Webquests, originally designed by Bernie Dodge and Tom March of San Diego State University, are web-based projects in which students take a predetermined journey across the net to learn about and synthesize their knowledge on a specific topic. Usually these journeys are preceded by a hypothetical or real world problem or issue that motivates and engages students while providing authenticity and relevancy to the learning experience.
Webquests make learning more interesting for your students. Using the power of the internet you can tap the resources of almost every library, school, museum, and laboratory in the world! You can take your students on a journey, to anywhere. Webquests allow students to explore content in more depth, but within boundaries that you have selected. This makes them ideal for classes which combine students with different ability levels.
Because webquests are completely web-based, they are flexible. Your students can complete them independently or in cooperative groups, in one session or numerous, and in class or as homework. Webquests are by nature very interdisciplinary, and offer a unique way to incorporate research in your classroom.
How to Create a Webquest
Looking through sample webquests online or in school you may have seen or read about the 6 building blocks of webquests:
- The Introduction
- The Task
- The Process
- The Resources
- The Evaluation
- The Conclusion
These are ideal for teachers when planning a Webquest, but – to be honest, I personally hate when I come across webquests that are so obviously designed this way. Your students do not need to see all these stages on their screens. Think about it. When you plan a lesson do you students see all of the steps along the way?
Webquests should be easy to use, put learning into context, age and ability appropriate, and highly visual. If your intended audience is teachers, then albeit – include all these stages. Otherwise, I suggest taking a little bit more user friendly approach in your final product.
Joseph Abruscato’s Three-Pronged Approach
The Challenge – This can incorporate the introduction, the task, and the process all in one. Be sure to hook your students by linking learning and research to a real world problem if possible; otherwise link the journey to something relevant such as a potential career or cause students may find interesting.
Here’s a short example: An explosion on an oil rig in the Gulf of Mexico led to an oil spill that has become the greatest environmental disaster of our time. Scholastic Kids has hired our class to create a 30 minute new special on the effects of the oil spill. This news will give viewers information on the impact of the oil spill. To complete this task, you will each assume one of the following roles: the reporter, a scientist, a member of the clean up crew, or an environmentalist. You will work together to create a presentation in which you will share your knowledge of oil spill and inform viewers.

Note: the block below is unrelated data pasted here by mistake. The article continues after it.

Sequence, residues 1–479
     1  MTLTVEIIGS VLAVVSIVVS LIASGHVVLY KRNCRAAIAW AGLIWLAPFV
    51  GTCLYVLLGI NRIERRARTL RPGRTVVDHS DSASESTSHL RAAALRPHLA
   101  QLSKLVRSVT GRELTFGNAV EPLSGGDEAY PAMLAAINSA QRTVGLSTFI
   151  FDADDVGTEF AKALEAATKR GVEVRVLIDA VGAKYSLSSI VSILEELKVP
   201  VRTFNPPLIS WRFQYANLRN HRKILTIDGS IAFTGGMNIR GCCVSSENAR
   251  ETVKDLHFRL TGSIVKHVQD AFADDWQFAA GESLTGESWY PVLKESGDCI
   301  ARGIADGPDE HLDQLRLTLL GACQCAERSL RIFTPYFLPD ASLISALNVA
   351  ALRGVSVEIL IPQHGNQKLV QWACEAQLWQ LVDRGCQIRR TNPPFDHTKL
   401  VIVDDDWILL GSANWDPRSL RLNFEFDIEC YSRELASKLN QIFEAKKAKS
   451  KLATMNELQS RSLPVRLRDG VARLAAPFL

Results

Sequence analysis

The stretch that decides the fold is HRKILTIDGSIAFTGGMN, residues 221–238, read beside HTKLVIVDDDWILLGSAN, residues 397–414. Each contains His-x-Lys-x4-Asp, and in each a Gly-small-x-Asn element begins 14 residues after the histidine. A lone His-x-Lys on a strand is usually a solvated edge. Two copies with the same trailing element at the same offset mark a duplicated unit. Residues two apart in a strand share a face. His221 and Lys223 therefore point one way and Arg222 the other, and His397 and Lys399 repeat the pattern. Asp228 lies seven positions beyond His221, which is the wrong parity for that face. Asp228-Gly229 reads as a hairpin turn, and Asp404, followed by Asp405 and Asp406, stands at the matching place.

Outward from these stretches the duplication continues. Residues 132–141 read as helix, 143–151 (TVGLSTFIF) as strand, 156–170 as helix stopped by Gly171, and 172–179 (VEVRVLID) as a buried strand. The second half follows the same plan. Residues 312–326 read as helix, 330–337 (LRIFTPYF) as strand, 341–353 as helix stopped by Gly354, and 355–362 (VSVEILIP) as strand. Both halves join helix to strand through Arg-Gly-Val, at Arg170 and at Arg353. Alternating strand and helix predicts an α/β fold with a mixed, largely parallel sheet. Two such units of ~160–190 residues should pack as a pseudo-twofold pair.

The Journey – This is the resources section of your Webquest. Before sending your kids on the journey, plot their course! Find visually stimulating resources, from a variety of types of sources, for your kids to research, read, and synthesize.
The Report – I don’t necessary like the use of the word report in step 3. I would rename it, the product. This is the evaluation and conclusion piece of the Webquest. Your students do not need to always create a written report. In some cases, you can let your students choose how they will demonstrate their learning. Get creative and let your students use web 2.0 tools. In other cases, you may consider creating a rubric with specific learning outcomes outlined.
Tools to Make Creating Webquests Easier and Faster
Beyond planning and writing a meaningful and effective webquests, there are two parts that may seem a little intimidating, especially if you aren’t so tech-savvy: Plotting the journey for kids and creating a website to host your Webquest.
Plotting the Journey with Jogs, Tabs and Tracks
The following websites allow you to organize your websites and resources for your students’ journey.
Jog the Web is a free online tool that allows you to create a guide to a series of web sites. Allows the author to annotate and ask guiding questions for each page.
Sharetabs is similar to Jog the Web. It allows you to share your links as tabs and personalize your url.
This is a more advanced program that allows you to collect and organize websites and add annotations for your students. You can search the thousands of educator creator tracks by subject, grade, or theme and standard to get started.
Fast, Free and Simple Website Creators
Once you have your journey plotted, you will need a website to host the stages of your Webquest – the challenge, the journey including the jog, track, or tabs you created above, and the explanation of the product or link to a rubric.
Schoolrack provides teachers the ability to easily and affordably build colorful, customizable websites featuring a blog, classroom calendar of assignments, files, clip art, and more – all with no advertisements. This is an excellent place to host your Webquest.
Web Poster Wizard
Web Poster Wizard allows you to create and publish very simple websites, including links, images, and blocks of text. This easily integrates with trackstar above, but can be used for organizing any type of links.
Free Educational Resources by SmartTutor.com